Cryptic speciation associated with geographic and ecological divergence in two Amazonian Heliconius butterflies

Neil Rosser, André V.L. Freitas, Blanca Huertas, Mathieu Joron, Gerardo Lamas, Claire Mérot, Fraser Simpson, Keith R. Willmott, James Mallet, Kanchon K. Dasmahapatra

Research output: Contribution to journalArticlepeer-review

7 Scopus citations

Abstract

The evolution of reproductive isolation via a switch in mimetic wing coloration has become the paradigm for speciation in aposematic Heliconius butterflies. Here, we provide a counterexample to this, by documenting two cryptic species within the taxon formerly considered Heliconius demeter Staudinger, 1897. Amplified fragment length polymorphisms identify two sympatric genotypic clusters in northern Peru, corresponding to subspecies Heliconius demeter ucayalensis H. Holzinger & R. Holzinger, 1975 and Heliconius demeter joroni ssp. nov. These subspecies are reciprocally monophyletic for the mitochondrial genes COI and COII and the nuclear gene Ef1α, and exhibit marked differences in larval morphology and host plant use. COI sequences from 13 of the 15 currently recognized subspecies show that mtDNA differences are reflected across the range of H. demeter, with a deep phylogenetic split between the southern and northern Amazonian races. As such, our data suggest vicariant speciation driven by disruptive selection for larval performance on different host plants. We raise Heliconius demeter eratosignis (Joicey & Talbot, 1925) to Heliconius eratosignis based on nomenclatural priority, a species also comprising H. eratosignis ucayalensis comb. nov. and three other southern Amazonian races. Heliconius demeter joroni spp. nov. remains within H. demeter s.s., along with northern Amazonian and Guianan subspecies.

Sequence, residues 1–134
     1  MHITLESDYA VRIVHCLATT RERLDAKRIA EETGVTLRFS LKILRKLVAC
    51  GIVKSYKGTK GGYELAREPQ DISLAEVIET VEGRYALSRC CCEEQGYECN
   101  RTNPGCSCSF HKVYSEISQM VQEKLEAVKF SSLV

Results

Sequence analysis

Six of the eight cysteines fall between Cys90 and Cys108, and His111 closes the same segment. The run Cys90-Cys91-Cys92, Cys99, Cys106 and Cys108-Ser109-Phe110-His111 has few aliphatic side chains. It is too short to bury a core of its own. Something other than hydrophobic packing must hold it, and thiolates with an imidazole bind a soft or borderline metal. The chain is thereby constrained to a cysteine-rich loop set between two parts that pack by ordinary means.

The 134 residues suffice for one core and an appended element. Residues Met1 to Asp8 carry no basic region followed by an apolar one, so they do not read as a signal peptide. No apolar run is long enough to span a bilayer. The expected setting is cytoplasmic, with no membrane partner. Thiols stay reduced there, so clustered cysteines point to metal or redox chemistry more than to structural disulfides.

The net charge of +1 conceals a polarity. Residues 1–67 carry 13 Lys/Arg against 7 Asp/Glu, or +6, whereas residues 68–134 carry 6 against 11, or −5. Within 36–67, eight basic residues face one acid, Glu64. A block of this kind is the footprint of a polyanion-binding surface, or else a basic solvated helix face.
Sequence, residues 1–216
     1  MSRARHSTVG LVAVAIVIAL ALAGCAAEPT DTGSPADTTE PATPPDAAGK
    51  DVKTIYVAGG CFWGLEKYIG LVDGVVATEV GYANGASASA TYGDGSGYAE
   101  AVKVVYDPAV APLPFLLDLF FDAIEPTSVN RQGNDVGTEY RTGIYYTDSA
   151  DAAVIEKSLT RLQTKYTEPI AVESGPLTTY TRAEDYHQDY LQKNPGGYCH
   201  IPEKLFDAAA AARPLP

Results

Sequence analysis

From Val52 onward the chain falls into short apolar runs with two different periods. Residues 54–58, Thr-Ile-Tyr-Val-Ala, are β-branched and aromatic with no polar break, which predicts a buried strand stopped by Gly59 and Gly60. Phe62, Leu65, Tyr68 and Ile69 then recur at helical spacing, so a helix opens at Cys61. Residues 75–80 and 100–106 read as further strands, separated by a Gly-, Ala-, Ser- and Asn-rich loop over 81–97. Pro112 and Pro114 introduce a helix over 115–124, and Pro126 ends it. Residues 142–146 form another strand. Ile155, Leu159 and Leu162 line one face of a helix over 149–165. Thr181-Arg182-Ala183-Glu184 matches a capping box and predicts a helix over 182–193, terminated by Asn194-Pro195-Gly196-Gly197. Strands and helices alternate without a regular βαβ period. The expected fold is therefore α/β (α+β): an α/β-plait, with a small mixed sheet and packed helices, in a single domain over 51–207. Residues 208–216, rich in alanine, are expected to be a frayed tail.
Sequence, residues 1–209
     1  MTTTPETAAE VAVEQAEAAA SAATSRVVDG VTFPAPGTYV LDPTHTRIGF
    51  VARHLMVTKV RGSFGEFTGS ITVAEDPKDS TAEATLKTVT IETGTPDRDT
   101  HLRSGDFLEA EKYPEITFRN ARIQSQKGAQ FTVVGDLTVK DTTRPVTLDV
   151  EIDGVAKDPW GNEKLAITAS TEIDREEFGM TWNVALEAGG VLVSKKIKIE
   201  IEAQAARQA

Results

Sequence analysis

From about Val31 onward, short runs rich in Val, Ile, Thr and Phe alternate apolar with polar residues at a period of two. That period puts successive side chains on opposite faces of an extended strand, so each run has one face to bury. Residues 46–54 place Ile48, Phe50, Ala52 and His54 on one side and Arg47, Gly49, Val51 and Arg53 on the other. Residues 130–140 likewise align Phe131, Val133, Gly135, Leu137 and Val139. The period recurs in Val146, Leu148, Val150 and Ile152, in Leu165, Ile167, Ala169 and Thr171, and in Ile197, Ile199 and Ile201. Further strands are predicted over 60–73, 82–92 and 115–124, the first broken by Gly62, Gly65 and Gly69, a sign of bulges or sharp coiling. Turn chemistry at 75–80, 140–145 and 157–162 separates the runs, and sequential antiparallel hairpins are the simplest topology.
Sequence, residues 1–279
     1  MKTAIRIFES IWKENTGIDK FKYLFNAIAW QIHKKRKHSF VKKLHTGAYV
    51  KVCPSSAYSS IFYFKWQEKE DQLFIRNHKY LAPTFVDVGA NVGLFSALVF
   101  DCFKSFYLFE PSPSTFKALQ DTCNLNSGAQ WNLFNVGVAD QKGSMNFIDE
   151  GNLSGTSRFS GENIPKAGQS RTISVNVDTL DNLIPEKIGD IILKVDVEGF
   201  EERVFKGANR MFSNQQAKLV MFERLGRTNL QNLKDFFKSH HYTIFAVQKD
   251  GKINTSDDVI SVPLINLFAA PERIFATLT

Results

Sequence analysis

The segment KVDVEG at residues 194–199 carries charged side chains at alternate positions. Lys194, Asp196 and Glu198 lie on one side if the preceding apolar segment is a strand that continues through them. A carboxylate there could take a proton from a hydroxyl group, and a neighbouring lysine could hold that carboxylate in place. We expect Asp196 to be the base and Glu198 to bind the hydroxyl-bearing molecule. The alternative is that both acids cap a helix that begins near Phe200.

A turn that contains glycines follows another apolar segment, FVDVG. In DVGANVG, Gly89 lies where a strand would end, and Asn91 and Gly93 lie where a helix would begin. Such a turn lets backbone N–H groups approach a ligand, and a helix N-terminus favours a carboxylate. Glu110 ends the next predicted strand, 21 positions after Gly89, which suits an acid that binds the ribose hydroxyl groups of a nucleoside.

Original languageEnglish
Pages (from-to)233-249
Number of pages17
JournalZoological Journal of the Linnean Society
Volume186
Issue number1
DOIs
StatePublished - 1 May 2019
Externally publishedYes

Bibliographical note

Funding Information:
We thank NERC (NE/K012886/1) and BBSRC (BB/ G006903/1) for funding this work. We also thank SERFOR and the Peruvian Ministry of Agriculture for collecting permits (288-2009-AG-DGFFS-DGEFFS, 0148-2011-AG-DGFFS-DGEFFS, 0289-2014-MINAGRI-DGFFS/DGEFFS), as well as the ACR Cordillera Escalera (020-014/GRSM/ PEHCBM/DMA/ACR-CE, 040-2015/GRSM/ PEHCBM/DMA/ACR-CE). We are grateful for discussions with Walter Neukirchen on this work. NR is very grateful to Ronald Mori Pezo for support in the field and his observations on the natural history of these species. Tamara M. C. Aguiar helped by spreading old specimens from Unicamp and Augusto H. B. Rosa helped photograph each specimen. Juan Grados photographed the holotype of Heliconius demeter joroni ssp. nov. We also thank Keith S. Brown Jr. and Eurides Furtado for kindly sharing pictures, specimens and unpublished information. Brazilian specimens are registered in the SISGEN (AACC442). AVLF acknowledges support from FAPESP (Biota-Fapesp – grants 2011/50225-3 and 2012/50260–6), from the Brazilian Research Council – CNPq (fellowship 303834/2015-3), from the National Science Foundation (DEB-1256742) and from USAID (Mapping and Conserving Butterfly Biodiversity in the Brazilian Amazon - PEER Cycle 4–478).

Publisher Copyright:
© 2018 The Linnean Society of London, Zoological Journal of the Linnean Society.

Keywords

  • butterflies
  • cryptic species
  • genotypic clusters
  • host plant shift
  • integrative taxonomy
  • mimicry
  • vicariant speciation

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